Realize, too, that we are living in “critical times hard to deal with.” (2 Timothy 3:1) Working and caring for your home, your parents are under considerable stress, and this can affect the way they treat you. (Compare Ecclesiastes 7:7.) One mental-health worker observed: “In some families, when there is a crisis going on, parents can lose their tempers and make hasty decisions even though they are normally fair people.”
Single parents may be particularly prone to vent their frustrations on their children, simply because they do not have a mate with whom to discuss things. Admittedly, receiving the brunt of a parent’s personal frustrations is not fun. Says 17-year-old Lucy: “If I did something and I deserve to be punished, that’s okay. But when I get punished because my mother is in a bad mood, that’s really unfair.”
Favoritism is another factor. Although a parent usually loves all his children, it’s not uncommon for him to be particularly drawn to one child.a (Compare Genesis 37:3.) Feeling that you are the less-loved child is painful in itself. But if it seems that your needs are being ignored or that you are often blamed for things your siblings have done, resentment is sure to follow. “I have this brother, Darren,” says young Roxanne. “He is Mom’s little angel. . . . She always blames me, never Darren.”
In healthy families unfair blaming may happen occasionally. But in troubled families there may be an ongoing pattern of parents blaming, shaming, and humiliating. Sometimes the blame is even accompanied by “malicious bitterness and anger and wrath and screaming and abusive speech.”—Ephesians 4:31.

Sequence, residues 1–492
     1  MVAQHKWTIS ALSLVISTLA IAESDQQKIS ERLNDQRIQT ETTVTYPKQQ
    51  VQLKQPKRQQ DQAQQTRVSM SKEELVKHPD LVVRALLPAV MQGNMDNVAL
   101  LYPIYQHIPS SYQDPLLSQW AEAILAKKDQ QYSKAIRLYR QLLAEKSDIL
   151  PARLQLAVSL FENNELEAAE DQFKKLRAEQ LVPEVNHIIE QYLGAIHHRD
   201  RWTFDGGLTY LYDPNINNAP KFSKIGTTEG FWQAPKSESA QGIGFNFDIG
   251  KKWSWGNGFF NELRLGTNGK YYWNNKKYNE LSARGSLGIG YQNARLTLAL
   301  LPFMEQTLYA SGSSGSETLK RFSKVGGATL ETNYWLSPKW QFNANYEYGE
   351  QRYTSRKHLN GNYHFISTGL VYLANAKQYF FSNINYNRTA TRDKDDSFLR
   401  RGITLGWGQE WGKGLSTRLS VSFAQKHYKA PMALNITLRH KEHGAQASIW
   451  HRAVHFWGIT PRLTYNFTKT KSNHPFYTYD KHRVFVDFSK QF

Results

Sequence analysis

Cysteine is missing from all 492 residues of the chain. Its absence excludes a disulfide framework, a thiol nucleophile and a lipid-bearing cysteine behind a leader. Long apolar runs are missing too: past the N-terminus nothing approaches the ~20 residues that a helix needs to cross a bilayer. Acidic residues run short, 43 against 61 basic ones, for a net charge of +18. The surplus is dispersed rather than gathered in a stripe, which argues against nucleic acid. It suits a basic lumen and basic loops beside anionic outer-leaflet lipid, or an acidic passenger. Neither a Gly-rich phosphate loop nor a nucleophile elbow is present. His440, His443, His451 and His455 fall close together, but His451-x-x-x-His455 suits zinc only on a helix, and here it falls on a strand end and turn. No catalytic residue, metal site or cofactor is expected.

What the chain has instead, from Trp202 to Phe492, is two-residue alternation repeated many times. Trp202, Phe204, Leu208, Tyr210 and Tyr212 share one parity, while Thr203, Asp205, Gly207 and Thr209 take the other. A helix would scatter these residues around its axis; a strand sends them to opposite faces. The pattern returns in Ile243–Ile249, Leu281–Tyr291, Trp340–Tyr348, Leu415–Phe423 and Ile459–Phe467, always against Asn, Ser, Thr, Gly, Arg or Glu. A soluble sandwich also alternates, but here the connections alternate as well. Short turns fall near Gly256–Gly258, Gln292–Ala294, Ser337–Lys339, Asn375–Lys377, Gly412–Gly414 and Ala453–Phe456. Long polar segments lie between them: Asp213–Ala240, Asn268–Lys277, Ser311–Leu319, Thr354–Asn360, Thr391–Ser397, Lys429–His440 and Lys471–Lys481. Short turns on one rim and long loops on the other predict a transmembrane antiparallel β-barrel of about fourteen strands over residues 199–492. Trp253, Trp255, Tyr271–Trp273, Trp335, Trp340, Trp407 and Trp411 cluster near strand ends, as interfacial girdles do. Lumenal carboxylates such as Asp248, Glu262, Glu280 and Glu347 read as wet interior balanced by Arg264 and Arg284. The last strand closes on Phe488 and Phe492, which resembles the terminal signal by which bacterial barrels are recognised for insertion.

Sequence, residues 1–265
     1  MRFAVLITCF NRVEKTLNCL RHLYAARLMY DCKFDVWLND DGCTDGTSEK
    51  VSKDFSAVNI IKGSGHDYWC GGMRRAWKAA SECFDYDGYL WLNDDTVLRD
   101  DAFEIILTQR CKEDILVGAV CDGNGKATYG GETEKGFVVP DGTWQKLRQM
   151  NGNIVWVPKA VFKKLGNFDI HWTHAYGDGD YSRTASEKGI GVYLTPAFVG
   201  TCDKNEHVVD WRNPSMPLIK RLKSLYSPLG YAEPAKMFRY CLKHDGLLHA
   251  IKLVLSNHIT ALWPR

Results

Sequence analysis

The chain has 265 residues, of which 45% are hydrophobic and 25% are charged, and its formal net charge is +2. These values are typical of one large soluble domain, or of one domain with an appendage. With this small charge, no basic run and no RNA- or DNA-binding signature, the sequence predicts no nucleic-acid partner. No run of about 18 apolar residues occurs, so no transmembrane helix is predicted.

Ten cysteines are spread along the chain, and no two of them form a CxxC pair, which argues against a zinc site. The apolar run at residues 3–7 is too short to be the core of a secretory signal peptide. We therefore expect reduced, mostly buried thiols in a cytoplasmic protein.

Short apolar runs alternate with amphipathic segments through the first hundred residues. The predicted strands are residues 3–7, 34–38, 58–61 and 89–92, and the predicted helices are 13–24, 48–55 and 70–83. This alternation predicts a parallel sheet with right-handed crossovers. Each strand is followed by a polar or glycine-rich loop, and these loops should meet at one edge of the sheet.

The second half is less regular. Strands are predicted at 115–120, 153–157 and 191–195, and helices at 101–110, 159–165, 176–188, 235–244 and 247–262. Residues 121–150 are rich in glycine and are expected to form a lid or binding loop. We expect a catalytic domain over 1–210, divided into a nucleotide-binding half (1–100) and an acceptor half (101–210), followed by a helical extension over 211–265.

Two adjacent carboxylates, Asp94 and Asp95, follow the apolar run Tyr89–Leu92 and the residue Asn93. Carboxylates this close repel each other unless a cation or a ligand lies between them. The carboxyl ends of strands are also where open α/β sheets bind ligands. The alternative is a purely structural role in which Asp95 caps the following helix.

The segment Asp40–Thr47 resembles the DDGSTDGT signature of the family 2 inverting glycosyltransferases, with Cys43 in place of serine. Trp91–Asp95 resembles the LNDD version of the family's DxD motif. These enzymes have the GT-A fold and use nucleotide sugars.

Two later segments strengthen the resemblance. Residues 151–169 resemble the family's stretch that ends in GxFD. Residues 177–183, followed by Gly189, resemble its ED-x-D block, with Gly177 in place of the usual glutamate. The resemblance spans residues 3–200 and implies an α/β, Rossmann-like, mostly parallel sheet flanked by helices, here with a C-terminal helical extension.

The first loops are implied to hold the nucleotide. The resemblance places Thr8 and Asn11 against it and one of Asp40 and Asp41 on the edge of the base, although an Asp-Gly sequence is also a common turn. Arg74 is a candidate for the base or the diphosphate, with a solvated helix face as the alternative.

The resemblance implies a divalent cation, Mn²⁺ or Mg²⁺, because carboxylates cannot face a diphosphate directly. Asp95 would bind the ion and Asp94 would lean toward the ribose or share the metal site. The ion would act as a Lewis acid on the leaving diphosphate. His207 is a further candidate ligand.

Can a youth be blamed for such parental outbursts? It is true that a disobedient son or daughter can be “a vexation” to a parent. (Proverbs 17:25) However, it is to parents that the Bible says: “Do not be irritating [literally, “provoking to wrath”] your children.” (Ephesians 6:4) As with all Christians, a parent must exercise self-control, “keeping himself restrained under evil.” (2 Timothy 2:24) So when a parent loses self-control, he cannot blame it on his child’s shortcomings.
Verbal assaults may be evidence that a parent is suffering emotional distress, depression, or low self-worth. It could also indicate problems such as marital distress or alcoholism. According to one source, children of addicted parents often become the scapegoats. “Nothing they do is right. They may be called ‘stupid,’ ‘bad,’ ‘selfish,’ and so on. Members of the family then focus on that child (or children) as the identified ‘problem’ and are distracted from their own uncomfortable feelings and problems.”